Can I trust the oil monitor in my car?
July 10, 2020 7:57 AM   Subscribe

I bought a 2016 Honda Fit last October and have yet to change the oil--I typically drive once a week and have put less than a thousand miles on the car. I'd say the majority of that mileage is highway driving as I don't drive much locally. My oil life estimate is 90%. This makes me nervous. I know I can just go change the oil, but do I need to?

Everything I've found online assumes more typical American driving habits on the range of 5000-10,000 miles per year, and almost every day, which I do not do and probably never will.
posted by Automocar to Travel & Transportation (17 answers total) 1 user marked this as a favorite
 
I had a 2015 Honda Fit and always went by that monitor for oil changes. When it gets low enough it will pop up a maintenance reminder.
posted by mkb at 8:01 AM on July 10, 2020 [1 favorite]


Just make sure to start up and run the car for a few minutes every week to keep the engine lubricated (the oil drains back to its reservoir after being idle for a while) and you should be fine for some time. Also make sure to check your oil level regularly and top it off as needed.
Also, it's a pain in the ass, but you can always change the oil yourself. Difficulty level: about the same as a tire change.
posted by sexyrobot at 8:12 AM on July 10, 2020


Best answer: You can use science to answer the question rather than guesswork. Send an oil sample to one of the oil analysis services (I have used Blackstone labs in the past and they can tell you what shape your oil is in. This way, you can make an informed decision whether you're stretching your oil too long or not. (they check for excessive wear metals, water contamination due to condensation, etc.) It costs something like $40. I think they also have a kit where you can draw a sample out through the dipstick tube if you're not comfortable with draining oil out of the crankcase.
posted by Larry David Syndrome at 8:28 AM on July 10, 2020


I had a mechanic at the dealership tell me that my Honda CRV's oil life indicator was actually just calculating how many times I turned my car on vs how many times I should be able to turn my car on per oil change. Not sure if it's true of the Fit, but in that case you'd have to look at the actual oil level in the car to get more data.
posted by clarinet at 8:39 AM on July 10, 2020


Best answer: 2013 Honda Fit here, largely a weekend driver only. Official word is that I don't *need* to change the oil until it gets to 15%. I will get email reminders at the one-year mark and I do it then, even if it's still around 50%.

No problems yet (at least, not related to not changing the oil often enough). I'd say you're good for a while.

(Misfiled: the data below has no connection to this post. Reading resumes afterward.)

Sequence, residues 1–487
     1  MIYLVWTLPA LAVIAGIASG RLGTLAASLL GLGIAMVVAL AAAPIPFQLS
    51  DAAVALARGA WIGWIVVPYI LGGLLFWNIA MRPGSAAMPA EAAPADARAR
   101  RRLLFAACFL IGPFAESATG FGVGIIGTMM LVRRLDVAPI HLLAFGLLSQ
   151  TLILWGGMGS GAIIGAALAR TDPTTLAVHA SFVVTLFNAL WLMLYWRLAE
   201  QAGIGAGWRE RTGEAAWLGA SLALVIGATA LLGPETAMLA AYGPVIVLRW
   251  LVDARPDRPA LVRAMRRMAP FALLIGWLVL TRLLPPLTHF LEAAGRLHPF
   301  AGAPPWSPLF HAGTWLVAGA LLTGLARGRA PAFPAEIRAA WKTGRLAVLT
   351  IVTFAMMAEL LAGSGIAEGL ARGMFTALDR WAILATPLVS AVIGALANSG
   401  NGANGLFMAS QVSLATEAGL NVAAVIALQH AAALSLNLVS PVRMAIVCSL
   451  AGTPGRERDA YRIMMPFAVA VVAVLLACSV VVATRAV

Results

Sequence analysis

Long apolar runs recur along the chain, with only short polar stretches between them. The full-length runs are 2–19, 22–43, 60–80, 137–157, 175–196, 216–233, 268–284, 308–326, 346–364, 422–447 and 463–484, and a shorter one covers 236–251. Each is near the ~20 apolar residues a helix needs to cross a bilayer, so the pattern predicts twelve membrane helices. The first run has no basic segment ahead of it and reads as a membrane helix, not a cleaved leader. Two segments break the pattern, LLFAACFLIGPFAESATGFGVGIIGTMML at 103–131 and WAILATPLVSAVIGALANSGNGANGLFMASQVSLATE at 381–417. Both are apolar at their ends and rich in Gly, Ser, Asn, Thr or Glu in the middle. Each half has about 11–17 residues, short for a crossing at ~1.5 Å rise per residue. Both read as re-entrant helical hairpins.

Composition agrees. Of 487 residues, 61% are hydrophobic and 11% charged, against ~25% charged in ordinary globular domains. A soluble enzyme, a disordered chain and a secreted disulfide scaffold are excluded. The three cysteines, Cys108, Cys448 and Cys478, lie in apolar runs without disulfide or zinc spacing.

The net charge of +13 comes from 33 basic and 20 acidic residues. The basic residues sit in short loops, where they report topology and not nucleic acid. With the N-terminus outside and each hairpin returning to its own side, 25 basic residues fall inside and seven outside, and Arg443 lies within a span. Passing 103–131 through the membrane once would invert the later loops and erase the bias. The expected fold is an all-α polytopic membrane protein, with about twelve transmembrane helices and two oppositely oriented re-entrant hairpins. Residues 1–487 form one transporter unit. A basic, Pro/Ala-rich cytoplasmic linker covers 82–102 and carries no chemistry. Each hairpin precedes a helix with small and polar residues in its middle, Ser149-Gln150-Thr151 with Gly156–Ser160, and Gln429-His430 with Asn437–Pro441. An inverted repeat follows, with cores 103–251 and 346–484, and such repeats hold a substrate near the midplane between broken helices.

posted by Capt. Renault at 8:51 AM on July 10, 2020


I have had cars for 20 years with oil monitors (including a Honda currently, but different makes) and I've never had any oil-related problems following their schedule. I usually don't change until 5%.
posted by The_Vegetables at 8:57 AM on July 10, 2020


Best answer: I also have a car that I don't drive very much, maybe 800-1000 miles per year. I change the oil on that one every 2 years. I have had that car and been doing the same thing with it for 8 years now.
posted by The_Vegetables at 9:02 AM on July 10, 2020


Oil degrades over time and should be changed at least annually regardless of milage. I also have a Honda and put fewer and fewer miles on it - I used to change the oil twice a year because we have a proper winter and drove more than you. The oil life gauge is meant for typical drivers and does not monitor oil level or quality - it's just a guess. My last oil change happened and the oil life thing claimed 85% left.

I have another suggestion - put fuel stabilizer in with every fill up. Most US gas contains ethanol which is fine if used quickly but can cause issues if left to sit in your fuel tank for long periods. There are many kinds of fuel stabilizer - get one with the measuring container built in and use gloves when handling.

For your periodic use I would also suggest switching to synthetic oil.
posted by zenon at 9:08 AM on July 10, 2020 [1 favorite]


I change the oil in my 2009 Honda Fit whenever the oil monitor says to, or once a year, whichever is more frequent.
posted by vitout at 9:09 AM on July 10, 2020


Best answer: It depends on if you're using a "synthetic blend" or "pure synthetic" oil.

Synthetic blends are made mostly from synthesized materials rather than oil pumped out of the ground but do include some of that in the mix. It will break down over time so most oil-change guidelines note both time and mileage. IE: Change your oil every three-months or 3,000 miles. Most people drive often enough that they hit the mileage well before the time so they only bother with the mileage.

Full synthetic oils don't have the same problem and will stay stable and keep their lubricating properties for much much longer.